Modesty is also an issue of being a distraction. Can you imagine being a poor person in Timothy’s day, and look around in the church service and see a woman who is dressed in very expensive clothing, wearing much flashy and expensive jewelry? A man might not be tempted to lust after her, and yet he could be distracted by her. He might look at this ostentatious display of wealth and think, “Wow! I could sell that necklace and buy groceries for a year!” It could minister to envy and strife also because of the flaunting of wealth. This seems to be a part of what happened in James chapter two, and it ministered to envy, strife, and division in the church.

Solomon spoke of the immodesty of the harlot in Proverbs chapter seven, warning young men against this sort of woman. In his description of her, he said, “She is loud and stubborn; Her feet abide not in her house:” (Proverbs 7:11) In other words, she is an attention seeker. She is not meek and quiet but is loud and stubborn. She desires to draw attention to herself. In her stubbornness, she resists yielding to the authority of God and her husband in honoring her marriage, and she goes out to seek attention and affection in ungodly manners. While we are dealing with biblical standards of dress, it is instructive to note that her immodesty made itself known in the volume of her voice, and her attitude toward authority and her marital obligations. True modesty is humble and seeks to quietly honor God, godly authority, and godly commitments.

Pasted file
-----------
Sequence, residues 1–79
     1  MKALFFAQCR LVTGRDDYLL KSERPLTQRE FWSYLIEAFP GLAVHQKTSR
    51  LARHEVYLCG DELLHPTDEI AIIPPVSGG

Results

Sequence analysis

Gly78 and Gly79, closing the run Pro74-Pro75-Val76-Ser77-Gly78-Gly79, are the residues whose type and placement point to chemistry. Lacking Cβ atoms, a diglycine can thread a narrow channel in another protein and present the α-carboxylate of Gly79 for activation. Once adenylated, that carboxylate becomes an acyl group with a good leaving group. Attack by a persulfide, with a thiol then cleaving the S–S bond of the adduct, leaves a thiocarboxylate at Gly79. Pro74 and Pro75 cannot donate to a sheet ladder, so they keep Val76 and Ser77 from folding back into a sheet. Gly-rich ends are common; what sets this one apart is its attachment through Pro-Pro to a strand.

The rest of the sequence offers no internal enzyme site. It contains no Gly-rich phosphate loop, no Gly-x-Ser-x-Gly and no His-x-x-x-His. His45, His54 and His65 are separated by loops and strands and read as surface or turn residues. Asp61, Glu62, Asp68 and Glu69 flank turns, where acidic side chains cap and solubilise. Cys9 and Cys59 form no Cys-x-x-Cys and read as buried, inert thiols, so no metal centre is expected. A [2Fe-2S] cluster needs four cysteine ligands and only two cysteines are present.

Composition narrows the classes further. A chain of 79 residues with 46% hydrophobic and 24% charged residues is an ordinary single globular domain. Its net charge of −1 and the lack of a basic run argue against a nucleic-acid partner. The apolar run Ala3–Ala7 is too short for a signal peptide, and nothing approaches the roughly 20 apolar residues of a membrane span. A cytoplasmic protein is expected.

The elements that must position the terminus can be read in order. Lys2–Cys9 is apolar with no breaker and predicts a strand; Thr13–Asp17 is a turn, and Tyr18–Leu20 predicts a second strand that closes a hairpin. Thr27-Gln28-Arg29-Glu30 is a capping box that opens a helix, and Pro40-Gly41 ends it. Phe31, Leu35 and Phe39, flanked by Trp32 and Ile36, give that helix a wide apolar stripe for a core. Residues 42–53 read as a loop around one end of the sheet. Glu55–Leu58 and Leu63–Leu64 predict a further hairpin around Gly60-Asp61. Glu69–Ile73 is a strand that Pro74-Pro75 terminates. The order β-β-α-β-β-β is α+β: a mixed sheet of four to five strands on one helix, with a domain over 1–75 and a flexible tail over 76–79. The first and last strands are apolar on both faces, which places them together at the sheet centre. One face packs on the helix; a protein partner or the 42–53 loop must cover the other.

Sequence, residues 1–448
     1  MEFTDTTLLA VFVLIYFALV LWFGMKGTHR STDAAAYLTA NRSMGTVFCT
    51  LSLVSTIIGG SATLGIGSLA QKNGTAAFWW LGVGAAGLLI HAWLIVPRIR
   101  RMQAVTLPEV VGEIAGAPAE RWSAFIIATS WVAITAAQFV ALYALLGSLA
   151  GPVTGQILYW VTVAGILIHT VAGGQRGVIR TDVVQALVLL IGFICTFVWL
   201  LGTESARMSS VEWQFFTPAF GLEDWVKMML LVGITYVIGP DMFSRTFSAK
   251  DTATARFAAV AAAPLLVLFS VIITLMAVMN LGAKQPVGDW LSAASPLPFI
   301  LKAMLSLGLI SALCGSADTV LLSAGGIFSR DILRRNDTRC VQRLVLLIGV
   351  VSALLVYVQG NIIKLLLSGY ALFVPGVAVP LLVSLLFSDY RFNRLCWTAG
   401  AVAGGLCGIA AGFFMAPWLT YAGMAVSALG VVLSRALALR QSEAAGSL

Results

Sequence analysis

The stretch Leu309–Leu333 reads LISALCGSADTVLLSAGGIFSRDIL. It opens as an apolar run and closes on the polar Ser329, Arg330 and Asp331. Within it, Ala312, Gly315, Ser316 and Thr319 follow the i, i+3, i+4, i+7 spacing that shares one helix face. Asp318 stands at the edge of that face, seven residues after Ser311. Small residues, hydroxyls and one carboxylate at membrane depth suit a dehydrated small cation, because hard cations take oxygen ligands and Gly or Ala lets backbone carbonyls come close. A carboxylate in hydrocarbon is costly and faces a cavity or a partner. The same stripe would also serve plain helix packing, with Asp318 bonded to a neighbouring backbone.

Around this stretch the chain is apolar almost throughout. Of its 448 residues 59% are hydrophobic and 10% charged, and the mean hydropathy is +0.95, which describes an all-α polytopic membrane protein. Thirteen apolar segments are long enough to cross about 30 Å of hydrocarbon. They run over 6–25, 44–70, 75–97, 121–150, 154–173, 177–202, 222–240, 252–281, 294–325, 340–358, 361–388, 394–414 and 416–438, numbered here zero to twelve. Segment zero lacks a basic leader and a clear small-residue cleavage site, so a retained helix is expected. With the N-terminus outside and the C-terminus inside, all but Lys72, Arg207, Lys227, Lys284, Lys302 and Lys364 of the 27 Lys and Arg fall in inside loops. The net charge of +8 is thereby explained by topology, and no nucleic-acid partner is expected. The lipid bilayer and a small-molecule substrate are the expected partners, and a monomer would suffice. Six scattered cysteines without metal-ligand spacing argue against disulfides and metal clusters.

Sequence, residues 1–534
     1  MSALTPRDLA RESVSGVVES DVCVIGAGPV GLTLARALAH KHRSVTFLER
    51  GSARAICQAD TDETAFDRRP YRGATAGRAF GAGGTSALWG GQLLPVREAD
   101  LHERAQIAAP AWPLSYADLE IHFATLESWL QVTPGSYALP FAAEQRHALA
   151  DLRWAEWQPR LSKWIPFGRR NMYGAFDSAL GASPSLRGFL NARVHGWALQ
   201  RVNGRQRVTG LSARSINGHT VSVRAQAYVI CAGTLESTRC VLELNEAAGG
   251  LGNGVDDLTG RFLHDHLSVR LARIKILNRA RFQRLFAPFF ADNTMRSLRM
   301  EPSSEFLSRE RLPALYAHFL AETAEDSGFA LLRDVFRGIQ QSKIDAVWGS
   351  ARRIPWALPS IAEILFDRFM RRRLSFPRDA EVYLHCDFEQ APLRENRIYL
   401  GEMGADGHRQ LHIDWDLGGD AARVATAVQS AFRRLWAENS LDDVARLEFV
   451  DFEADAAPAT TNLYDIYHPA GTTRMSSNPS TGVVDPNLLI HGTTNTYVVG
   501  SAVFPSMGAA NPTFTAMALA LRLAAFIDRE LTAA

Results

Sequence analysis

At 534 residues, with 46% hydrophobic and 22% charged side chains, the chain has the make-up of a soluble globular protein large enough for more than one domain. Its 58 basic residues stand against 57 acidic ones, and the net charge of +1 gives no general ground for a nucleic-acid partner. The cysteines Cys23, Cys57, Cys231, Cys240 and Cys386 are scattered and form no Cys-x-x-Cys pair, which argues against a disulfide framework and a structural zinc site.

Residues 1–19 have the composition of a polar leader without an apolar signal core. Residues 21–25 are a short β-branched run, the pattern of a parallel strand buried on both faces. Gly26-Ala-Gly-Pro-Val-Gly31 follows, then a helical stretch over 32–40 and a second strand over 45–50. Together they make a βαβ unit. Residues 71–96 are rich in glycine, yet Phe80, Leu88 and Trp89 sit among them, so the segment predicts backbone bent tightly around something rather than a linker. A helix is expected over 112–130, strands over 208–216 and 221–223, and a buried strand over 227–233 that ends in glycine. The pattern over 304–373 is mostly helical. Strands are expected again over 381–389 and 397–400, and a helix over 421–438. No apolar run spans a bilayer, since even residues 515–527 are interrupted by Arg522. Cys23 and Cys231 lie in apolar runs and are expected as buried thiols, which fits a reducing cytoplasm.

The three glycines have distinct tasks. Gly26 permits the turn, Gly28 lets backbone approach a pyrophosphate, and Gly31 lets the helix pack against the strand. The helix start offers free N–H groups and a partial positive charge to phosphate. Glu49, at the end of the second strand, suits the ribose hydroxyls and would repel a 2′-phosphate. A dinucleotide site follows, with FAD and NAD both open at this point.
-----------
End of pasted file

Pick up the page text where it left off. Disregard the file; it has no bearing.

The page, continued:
This loud immodesty brings to my mind the Pharisees, who prayed loudly in the streets, dressed in such a manner that people would know when they were fasting, and wore apparel that drew attention to their religious devotion. Jesus stated that they had their reward, which was the praise of men. True modesty does not make a vain show of religion, but simply tries to live to the glory of God regardless of who sees or does not see us.

The Love of God part three

The Love of God part three

The LORD is in his holy temple, the LORD’S throne is in heaven: his eyes behold, his eyelids try, the children of men. The LORD trieth the righteous: but the wicked and him that loveth violence his soul hateth. Upon the wicked he shall rain snares, fire and brimstone, and an horrible tempest: this shall be the portion of their cup. For the righteous LORD loveth righteousness; his countenance doth behold the upright.” (Psalm 11:4–7)